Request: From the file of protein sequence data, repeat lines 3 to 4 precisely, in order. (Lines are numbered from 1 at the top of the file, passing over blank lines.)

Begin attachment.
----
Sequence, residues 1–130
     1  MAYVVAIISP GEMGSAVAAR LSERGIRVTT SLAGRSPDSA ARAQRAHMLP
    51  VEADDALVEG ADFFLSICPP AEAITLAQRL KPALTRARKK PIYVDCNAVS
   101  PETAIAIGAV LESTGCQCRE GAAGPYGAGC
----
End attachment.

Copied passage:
    51  VEADDALVEG ADFFLSICPP AEAITLAQRL KPALTRARKK PIYVDCNAVS
   101  PETAIAIGAV LESTGCQCRE GAAGPYGAGC